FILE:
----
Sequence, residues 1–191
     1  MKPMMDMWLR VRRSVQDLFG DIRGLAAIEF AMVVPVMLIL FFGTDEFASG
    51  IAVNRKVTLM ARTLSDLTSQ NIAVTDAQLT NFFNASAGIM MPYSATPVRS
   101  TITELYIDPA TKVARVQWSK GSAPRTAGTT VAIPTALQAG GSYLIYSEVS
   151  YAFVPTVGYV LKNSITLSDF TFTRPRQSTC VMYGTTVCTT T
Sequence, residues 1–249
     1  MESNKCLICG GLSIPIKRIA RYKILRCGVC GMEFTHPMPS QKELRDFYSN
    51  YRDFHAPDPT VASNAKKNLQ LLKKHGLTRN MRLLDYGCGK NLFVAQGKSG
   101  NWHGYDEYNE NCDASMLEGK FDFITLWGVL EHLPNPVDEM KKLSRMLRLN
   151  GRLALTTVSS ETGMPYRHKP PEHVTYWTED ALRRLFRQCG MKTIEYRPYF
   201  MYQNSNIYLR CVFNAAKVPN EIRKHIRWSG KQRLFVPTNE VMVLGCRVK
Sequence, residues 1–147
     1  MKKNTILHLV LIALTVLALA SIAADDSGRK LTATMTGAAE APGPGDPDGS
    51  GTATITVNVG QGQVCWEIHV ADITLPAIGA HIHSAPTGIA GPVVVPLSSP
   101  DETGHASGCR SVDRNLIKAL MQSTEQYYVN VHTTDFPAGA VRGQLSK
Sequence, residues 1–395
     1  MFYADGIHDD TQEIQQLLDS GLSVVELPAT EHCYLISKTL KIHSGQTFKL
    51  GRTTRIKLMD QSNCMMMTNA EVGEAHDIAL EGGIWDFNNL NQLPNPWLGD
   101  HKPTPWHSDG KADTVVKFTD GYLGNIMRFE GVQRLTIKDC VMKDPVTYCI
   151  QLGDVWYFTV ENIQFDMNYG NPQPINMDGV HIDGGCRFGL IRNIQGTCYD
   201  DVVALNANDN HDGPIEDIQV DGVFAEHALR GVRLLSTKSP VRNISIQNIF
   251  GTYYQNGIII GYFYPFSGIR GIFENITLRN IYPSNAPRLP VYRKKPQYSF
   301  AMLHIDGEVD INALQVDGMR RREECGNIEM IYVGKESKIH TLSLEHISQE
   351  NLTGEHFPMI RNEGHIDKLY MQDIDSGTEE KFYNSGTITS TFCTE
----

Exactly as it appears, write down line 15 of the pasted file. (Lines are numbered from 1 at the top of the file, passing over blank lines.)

   101  DETGHASGCR SVDRNLIKAL MQSTEQYYVN VHTTDFPAGA VRGQLSK